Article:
Only One Thing Is Needed: An Exercise in (Reluctant) Contemplation

Contemplative prayer. It’s something that impressive spiritual people do, but I’ve never really tried it before. I know there are benefits of making time to be contemplative  … but honestly, who has time?

10996312_10154886558387837_1004404244728061750_nI’m a Bible-study-on-the-treadmill, pray-while-driving, scroll-through-verses-on-my-Bible-app type of person. My life is busy, but I’ve found creative ways to fit prayer, scripture reading and other spiritual practices into it. For a while, I was pretty impressed with myself.

Then yesterday, I was hit with a realization. I do a pretty great job of finding ways to make spiritual practices fit into my life, but not the other way around. What if I shifted priorities? What if I tried to find ways to work my busy life around spiritual practices?

Yesterday, I tried an exercise in contemplative prayer and reflection. I read Luke 10:38-42 (the story of Mary and Martha).  Then I read it again, slowly. Then I sat in silence for a few minutes.

I hate silence. I need to be doing something. To be reading the next chapter, searching to find a parallel text in another Gospel, flipping to read a Psalm, Googling the cultural and historical context of the passage. But just sitting there in silence? That’s not really my style.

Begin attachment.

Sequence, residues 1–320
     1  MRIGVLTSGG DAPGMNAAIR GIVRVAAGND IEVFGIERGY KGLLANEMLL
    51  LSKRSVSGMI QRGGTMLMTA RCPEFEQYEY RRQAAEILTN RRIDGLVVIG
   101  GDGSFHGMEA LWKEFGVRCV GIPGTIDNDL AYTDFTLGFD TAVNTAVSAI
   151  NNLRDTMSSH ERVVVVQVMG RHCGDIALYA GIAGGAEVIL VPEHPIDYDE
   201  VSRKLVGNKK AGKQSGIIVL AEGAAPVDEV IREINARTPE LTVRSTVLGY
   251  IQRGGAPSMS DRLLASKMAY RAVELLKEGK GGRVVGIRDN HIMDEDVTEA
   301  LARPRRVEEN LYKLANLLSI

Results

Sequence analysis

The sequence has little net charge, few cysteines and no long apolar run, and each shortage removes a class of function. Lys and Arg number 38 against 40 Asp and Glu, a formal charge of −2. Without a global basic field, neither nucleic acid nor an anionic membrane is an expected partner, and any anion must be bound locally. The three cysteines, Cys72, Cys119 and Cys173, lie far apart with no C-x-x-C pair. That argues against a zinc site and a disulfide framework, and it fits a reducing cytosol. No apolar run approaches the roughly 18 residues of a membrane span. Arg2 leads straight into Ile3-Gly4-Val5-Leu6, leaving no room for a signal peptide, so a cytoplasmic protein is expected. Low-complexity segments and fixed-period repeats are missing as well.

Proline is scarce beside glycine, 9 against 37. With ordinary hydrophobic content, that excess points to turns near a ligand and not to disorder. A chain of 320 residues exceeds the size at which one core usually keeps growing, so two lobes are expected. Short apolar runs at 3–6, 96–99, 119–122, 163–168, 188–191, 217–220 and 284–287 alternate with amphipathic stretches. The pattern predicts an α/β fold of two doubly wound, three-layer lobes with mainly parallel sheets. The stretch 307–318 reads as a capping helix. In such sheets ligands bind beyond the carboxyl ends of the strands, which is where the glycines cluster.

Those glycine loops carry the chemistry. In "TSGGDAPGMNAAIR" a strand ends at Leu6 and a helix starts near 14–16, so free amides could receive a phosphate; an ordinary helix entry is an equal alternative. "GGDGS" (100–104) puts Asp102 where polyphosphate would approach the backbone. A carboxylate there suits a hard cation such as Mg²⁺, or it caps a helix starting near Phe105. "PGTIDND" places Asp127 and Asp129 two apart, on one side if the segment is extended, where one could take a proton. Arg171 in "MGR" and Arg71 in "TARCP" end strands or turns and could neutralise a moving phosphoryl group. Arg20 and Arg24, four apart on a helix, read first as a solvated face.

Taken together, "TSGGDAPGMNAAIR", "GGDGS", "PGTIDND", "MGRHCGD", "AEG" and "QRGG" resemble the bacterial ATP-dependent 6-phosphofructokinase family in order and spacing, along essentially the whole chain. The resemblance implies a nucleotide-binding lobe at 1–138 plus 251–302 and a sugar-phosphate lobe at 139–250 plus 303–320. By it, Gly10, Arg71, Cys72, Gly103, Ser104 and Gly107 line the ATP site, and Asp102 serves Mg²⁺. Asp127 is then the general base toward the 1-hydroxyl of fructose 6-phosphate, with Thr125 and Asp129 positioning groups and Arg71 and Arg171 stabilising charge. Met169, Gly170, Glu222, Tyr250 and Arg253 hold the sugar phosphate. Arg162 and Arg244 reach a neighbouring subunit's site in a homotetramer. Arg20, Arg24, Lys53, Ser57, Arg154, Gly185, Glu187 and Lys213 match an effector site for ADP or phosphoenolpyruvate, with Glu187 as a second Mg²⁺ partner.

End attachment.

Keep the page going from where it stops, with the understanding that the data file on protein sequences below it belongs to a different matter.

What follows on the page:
IIMG_4497t is, however, how one does contemplation. So I closed out my other iPhone apps, told my brain to chill, and sat in silence. I read each word–thought about what each word meant. Who are the characters in this story? What are their personalities like? What are they concerned with? How are they each interacting with Jesus?

In this story, I’m most like Martha. The one who always keeps busy. Who works hard. Who makes sure everything gets done. I’m not like Mary, just sitting at Jesus’ feet–listening. I don’t really have time for that.

The more I sat in silence, the more the last two verses of the story stood out.

“Martha, Martha,” the Lord answered, “you are worried and upset about many things.

But few things are needed–or indeed only one.

Mary has chosen what is better, and it will not be taken away from her.”

I thought about everything I’ve been stressed over in the last month. Plenty of things came to mind. But when it comes down to it, do all those really matter in the grand scheme of things?

And I am so caught up in everything else going on, I forget to focus on the one thing that actually matters. To sit at Jesus’ feet, and to listen. Because listening to him is what matters the most. The other things will always be there.

What if I spent less time worrying about each of them and more time focusing on God? There’s something so peaceful about contemplation. Twenty minutes in, I was struck by how calm I felt.

Twenty minutes seemed like a long time to just be still and listen. It felt weird and unfamiliar, but it  also brought is surprising clarity. Contemplation is not something I’ve ever really paid attention to. But I want to start giving it a try.

 

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